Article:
Closing the Financial Gap
Closing the Financial Gap
By Jeremy Craig
For Kennedy Oglesby, $2,300 could have stood in the way of graduating this fall.
That amount of money might seem small compared to tuition and fees for an entire year, but for students like Oglesby, a Georgia State University journalism major with a concentration in public relations, it can be a major gap.
She had exhausted the maximum amount of aid from her student loans after having transferred from a private institution with higher tuition and fees. She knew she would qualify for a Pell grant, but was not sure how much she would receive.
And Oglesby, while occupied with moving back home after an internship in Nevada, faced a tight deadline in finalizing financial aid paperwork. She wasn’t sure she could submit all of it on time.
“I was still turning in documents and it was getting to the point to where they were just going to drop me once mid-semester had come,” she said. “I was freaking out because I didn’t know what was going to happen.”
With help from a new center at Georgia State, she closed the gap.
The SunTrust Student Financial Management Center (SSFMC) is helping students navigate financial issues that put students at risk of dropping out.
A first-of-its-kind program, it is supported by the SunTrust Foundation and builds upon Georgia State’s nationally recognized efforts in providing proactive advising and academic intervention. As the center gains ground, a playbook is being created that will help other institutions replicate the program to the benefit their students.
“The whole world of college grants, loans and scholarships can be overwhelming,” said Timothy M. Renick, vice president for enrollment management and student success at Georgia State. “We’re helping students manage more wisely the precious funding they have, and we’re working with local high schools to get students and families prepared for the financial dimensions of college.”
The center provides a wide range of outreach using the university’s data-driven Financial Alert System based on the predictive analytics expertise Georgia State uses for academic intervention before trouble arises.
In its first year, the center has made a significant impact in making sure that students need not drop out because of financial issues.
During the 2016-17 academic year, the SSFMC intervened with 72,000 students, and saw more than 56,000 students visit the center on their own initiative.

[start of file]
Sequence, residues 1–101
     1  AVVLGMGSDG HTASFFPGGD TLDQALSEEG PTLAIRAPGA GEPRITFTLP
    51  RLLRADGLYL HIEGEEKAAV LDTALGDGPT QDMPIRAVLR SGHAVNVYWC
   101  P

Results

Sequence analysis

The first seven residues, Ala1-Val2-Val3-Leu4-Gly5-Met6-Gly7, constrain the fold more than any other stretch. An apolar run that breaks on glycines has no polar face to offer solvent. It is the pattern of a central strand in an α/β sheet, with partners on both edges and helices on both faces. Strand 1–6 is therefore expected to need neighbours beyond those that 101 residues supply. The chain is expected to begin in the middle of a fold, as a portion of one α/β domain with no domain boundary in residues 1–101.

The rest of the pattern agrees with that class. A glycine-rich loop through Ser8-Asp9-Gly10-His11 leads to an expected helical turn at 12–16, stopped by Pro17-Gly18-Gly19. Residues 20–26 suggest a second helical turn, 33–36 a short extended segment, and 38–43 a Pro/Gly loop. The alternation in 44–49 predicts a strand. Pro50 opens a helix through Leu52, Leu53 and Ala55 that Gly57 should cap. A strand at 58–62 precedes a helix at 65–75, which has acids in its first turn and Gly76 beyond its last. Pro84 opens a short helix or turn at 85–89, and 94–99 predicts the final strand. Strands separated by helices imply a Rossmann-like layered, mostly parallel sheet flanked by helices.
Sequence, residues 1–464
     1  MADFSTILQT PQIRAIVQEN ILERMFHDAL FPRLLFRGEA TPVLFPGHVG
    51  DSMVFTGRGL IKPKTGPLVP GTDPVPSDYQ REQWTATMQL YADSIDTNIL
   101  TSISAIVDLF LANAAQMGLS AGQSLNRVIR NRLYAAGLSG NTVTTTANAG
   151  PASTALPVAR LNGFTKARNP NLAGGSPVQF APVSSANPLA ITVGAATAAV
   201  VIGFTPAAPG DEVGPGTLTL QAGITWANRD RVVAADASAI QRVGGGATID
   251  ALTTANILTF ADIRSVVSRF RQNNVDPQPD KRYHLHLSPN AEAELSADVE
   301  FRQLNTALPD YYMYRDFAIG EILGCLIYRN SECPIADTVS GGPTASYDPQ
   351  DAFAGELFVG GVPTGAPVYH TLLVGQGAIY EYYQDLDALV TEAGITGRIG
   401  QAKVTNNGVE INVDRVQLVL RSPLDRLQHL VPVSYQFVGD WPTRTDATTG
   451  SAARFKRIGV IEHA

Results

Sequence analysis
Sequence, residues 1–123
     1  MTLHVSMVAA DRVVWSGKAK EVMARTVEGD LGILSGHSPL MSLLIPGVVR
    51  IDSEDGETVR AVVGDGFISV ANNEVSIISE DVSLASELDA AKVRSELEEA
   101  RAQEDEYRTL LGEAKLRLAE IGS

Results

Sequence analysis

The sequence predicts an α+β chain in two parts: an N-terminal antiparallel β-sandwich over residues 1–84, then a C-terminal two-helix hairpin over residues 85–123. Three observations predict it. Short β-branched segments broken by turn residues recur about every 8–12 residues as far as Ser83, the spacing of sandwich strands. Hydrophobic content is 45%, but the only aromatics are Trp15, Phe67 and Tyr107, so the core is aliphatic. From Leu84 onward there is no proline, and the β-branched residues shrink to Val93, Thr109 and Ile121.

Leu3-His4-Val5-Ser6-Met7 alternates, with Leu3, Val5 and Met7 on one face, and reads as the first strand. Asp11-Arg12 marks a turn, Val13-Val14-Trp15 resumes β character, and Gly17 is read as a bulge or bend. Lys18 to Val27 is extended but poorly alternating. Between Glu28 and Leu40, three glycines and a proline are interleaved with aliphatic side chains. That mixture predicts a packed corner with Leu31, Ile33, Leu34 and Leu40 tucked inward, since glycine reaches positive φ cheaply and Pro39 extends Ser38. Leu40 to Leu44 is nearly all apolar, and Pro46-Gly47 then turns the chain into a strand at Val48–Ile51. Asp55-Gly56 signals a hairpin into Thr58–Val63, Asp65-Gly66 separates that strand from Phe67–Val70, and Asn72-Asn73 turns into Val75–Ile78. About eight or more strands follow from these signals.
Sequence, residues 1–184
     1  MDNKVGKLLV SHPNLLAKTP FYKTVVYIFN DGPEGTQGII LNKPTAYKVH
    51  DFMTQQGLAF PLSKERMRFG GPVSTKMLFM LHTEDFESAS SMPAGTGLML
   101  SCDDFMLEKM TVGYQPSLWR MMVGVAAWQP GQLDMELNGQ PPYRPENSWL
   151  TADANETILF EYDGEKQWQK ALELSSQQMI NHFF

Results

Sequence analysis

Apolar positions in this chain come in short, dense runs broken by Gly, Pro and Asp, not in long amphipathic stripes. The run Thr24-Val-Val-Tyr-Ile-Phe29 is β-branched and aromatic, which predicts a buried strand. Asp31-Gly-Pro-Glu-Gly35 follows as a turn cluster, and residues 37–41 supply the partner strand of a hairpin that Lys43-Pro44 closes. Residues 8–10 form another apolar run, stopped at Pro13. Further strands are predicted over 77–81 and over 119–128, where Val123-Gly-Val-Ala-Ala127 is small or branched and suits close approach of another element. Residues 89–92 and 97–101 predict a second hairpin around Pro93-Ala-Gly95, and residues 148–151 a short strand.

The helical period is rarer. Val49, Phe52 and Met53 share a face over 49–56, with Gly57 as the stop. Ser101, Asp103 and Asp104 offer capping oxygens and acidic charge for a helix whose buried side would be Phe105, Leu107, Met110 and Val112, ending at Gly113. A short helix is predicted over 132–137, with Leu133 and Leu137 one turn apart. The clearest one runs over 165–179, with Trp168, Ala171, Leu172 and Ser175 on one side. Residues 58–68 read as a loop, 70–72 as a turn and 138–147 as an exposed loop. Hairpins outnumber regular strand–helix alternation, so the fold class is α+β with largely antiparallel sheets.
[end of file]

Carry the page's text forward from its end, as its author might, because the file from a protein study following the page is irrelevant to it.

The FAFSA – the Free Application for Federal Student Aid – is the key to almost all financial aid in higher education, but can be daunting, especially for freshmen.
Some students never complete the form, walling themselves off from financial aid opportunities.
BY THE NUMBERS, 2016-17 ACADEMIC YEAR
Proactive Interventions Based on Financial Alert System:
Student Visits to the SunTrust Student Financial Management Center:
Outreach to Freshmen:
FAFSA Completion Rate for Freshmen Affected by SSFMC:
FAFSA Completion Rate for Other Freshmen:
Increase in Students with a Zero Balance, Aug. 9 – Sept. 15, 2016:
With SSFMC Intervention: 22 percent
Without SSFMC Intervention: 16 percent
Ninety-four percent of freshmen who used the SSFMC’s services completed the FAFSA during the last academic year, compared to 74 percent of freshmen who did not.
“When we partnered with Georgia State to create the SunTrust Student Financial Center, we wanted to help as many students as possible gain the financial confidence they needed to complete their degrees and reach their dreams,” said David Fuller, president of the SunTrust Foundation. “It’s encouraging to see the impact the center is making in such a short time, and we look forward to our playbook being replicated for other schools, so they too can help their students attain financial well-being.”
Through the center, Oglesby found the Panther Retention Grant, Georgia State’s nationally recognized program of small grants to students to help close financial tuition and fees gaps.
With the Panther Retention Grant and a Pell grant that did come through to help pay tuition, her account eventually reached zero.
Through innovative programs such as the Panther Retention Grant, more Georgia State students have been able to satisfy their account balances. And the SSFMC is pushing that number even higher.
In the weeks leading up to fall semester, students who received help from the SSFMC were 6 percent more likely to have completed all financial aid processes and to have paid their bills in full. Six percent may not sound like much, but at a university that enrolls 52,000 students, that translates to 3,000 more students who are ready to concentrate on their studies rather than being worried about how to pay for their education.
Oglesby is now set to achieve her degree. Thanks to a minor in hospitality and experience built with an internship with MGM Resorts International in Las Vegas, her future is bright.
“At times, I was coming to terms with maybe not graduating this semester,” she said. “I didn’t want to wait any longer, but thankfully the Panther Retention Grant and other aid really saved my life there, because I was not expecting that.”